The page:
There was little time to think, since most of that precious time was spent staring at what The King can do even giving 1/100th, if that, of his usual effort. It was the fastest two minutes of my life, and as some girlfriends would bitterly remind me, I've had some fast two minutes. There was little time to do anything but attempt to avoid embarrassment. Which, I did not. (Cue girlfriend joke Part II.)
After climbing the ropes for a dominant, Rodman-esqure rebound (read: I got a loose ball when no one else was around) I turned to attempt a short, fade-away-ish jumper. Rejected. In the background I hear an "Ooooooo." Ball comes back into my hands. I go up again. Rejected again, by the same guy. And in the background, the same voice, that of LeBron James, again utters "Ooooooooo."
Nice. Memory for a lifetime.
Before I knew it, the clock had run from 2:00 down to less than 20 seconds and LeBron had the ball. He crossed half court, looked up, checked the clock, and backed away. Then a swarm of defenders came at him. OK, not really a swarm. We probably tripped over ourselves or otherwise awkwardly approached him, but still, the point was he was now being guarded by three or four people.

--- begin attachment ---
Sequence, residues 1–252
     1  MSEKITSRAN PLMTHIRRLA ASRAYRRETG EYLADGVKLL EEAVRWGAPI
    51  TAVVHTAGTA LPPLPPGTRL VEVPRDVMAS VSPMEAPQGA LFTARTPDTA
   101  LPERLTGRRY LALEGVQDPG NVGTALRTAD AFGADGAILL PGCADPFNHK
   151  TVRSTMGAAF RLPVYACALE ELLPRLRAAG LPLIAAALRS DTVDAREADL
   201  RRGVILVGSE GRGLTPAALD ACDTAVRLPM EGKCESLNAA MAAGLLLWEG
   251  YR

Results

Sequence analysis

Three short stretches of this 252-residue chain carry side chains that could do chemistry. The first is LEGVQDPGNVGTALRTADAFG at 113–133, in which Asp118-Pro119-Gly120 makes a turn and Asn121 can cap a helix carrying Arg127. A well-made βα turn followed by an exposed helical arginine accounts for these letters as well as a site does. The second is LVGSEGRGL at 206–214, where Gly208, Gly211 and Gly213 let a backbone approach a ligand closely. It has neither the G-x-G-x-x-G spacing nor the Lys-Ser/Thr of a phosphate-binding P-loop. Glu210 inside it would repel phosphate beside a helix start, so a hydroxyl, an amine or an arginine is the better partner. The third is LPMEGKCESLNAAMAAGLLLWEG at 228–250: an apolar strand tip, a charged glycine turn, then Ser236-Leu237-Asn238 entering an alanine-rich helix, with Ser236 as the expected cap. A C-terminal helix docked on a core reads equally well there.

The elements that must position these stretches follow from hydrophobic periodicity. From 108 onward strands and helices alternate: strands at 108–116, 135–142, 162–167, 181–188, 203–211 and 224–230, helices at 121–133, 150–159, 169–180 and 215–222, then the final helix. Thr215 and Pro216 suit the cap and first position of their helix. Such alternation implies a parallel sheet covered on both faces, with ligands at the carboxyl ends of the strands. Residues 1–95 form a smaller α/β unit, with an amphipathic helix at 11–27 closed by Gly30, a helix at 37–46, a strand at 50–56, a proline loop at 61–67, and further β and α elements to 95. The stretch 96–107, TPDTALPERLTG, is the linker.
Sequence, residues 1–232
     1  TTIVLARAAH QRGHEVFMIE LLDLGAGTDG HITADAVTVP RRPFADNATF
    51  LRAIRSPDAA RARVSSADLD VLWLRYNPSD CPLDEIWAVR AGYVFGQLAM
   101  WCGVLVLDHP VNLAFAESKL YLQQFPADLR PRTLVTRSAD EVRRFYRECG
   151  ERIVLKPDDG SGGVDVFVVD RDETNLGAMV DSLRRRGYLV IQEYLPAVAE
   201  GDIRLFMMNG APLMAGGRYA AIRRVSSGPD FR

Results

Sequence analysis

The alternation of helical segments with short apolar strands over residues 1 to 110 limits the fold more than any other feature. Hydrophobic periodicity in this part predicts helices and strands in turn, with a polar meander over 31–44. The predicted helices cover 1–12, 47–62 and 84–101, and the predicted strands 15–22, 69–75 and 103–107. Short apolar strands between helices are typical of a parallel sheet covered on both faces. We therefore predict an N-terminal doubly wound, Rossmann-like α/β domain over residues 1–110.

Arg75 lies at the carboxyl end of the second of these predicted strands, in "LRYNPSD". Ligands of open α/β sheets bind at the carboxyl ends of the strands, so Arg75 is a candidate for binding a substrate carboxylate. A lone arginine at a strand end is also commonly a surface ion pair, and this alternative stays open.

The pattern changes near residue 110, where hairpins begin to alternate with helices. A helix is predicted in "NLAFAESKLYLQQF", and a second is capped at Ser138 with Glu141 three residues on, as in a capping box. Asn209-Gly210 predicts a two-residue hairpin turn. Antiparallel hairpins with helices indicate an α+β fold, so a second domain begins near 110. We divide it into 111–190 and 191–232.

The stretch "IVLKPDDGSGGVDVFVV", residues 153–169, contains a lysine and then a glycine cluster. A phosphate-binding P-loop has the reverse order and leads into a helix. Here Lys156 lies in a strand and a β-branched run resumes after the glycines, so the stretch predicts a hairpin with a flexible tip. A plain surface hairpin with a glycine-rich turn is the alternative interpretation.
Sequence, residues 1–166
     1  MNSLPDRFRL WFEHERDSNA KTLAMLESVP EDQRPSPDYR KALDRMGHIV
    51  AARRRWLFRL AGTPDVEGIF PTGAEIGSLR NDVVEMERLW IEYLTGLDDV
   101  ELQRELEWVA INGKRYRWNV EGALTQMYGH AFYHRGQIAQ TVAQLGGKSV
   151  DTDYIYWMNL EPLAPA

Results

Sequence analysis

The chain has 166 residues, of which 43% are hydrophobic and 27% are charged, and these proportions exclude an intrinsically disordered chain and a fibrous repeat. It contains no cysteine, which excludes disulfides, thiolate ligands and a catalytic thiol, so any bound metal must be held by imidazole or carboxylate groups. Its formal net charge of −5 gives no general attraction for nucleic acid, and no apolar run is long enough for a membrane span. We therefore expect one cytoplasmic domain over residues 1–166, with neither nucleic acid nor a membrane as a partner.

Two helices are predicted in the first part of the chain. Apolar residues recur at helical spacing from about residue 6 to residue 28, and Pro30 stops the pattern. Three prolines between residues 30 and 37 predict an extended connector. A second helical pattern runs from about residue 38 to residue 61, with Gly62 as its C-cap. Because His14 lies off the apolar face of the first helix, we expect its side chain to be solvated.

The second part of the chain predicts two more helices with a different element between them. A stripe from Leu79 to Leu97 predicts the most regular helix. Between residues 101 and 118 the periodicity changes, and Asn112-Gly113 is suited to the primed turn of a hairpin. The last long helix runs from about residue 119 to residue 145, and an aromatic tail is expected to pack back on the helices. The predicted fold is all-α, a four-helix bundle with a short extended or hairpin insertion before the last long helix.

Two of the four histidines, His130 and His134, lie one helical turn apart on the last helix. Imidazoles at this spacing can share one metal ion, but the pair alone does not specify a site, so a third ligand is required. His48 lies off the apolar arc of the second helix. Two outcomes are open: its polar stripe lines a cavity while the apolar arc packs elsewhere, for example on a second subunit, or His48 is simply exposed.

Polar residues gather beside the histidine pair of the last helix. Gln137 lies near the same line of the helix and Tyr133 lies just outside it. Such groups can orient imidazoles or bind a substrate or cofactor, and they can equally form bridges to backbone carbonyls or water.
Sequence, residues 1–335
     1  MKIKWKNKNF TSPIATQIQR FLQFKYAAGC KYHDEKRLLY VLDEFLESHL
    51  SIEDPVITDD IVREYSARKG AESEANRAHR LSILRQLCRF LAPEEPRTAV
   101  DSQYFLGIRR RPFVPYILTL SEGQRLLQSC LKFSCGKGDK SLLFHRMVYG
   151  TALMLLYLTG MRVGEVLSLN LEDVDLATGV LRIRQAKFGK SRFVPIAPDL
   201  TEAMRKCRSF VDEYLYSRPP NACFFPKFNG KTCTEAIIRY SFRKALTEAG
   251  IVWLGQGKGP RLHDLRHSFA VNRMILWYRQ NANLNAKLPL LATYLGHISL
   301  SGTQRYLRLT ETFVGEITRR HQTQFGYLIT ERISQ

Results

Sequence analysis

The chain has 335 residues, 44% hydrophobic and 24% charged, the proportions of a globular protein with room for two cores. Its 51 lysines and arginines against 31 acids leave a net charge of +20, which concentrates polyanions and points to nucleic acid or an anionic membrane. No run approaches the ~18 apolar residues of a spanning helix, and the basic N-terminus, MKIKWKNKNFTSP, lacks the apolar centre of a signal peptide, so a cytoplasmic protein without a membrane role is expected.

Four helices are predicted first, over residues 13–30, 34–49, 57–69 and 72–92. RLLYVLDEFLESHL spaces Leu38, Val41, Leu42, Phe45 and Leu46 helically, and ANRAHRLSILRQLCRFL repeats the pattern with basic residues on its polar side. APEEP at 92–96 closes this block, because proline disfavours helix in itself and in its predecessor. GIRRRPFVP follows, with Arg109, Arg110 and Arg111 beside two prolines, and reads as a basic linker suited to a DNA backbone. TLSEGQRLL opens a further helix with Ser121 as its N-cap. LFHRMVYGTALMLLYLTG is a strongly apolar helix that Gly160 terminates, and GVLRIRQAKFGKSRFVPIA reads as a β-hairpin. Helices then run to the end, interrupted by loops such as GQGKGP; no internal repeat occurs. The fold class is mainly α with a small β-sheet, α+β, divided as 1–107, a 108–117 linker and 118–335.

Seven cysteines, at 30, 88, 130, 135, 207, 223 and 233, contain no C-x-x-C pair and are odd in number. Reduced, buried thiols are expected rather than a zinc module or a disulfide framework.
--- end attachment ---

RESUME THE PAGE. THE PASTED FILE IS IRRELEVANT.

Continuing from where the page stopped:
Like your father used to do when you were five, LeBron dribbled around and protected the ball as if we were all kids — smiling, playfully bringing the ball close enough to make us think we had a chance, then just as easily pulling it away and left us swiping at air.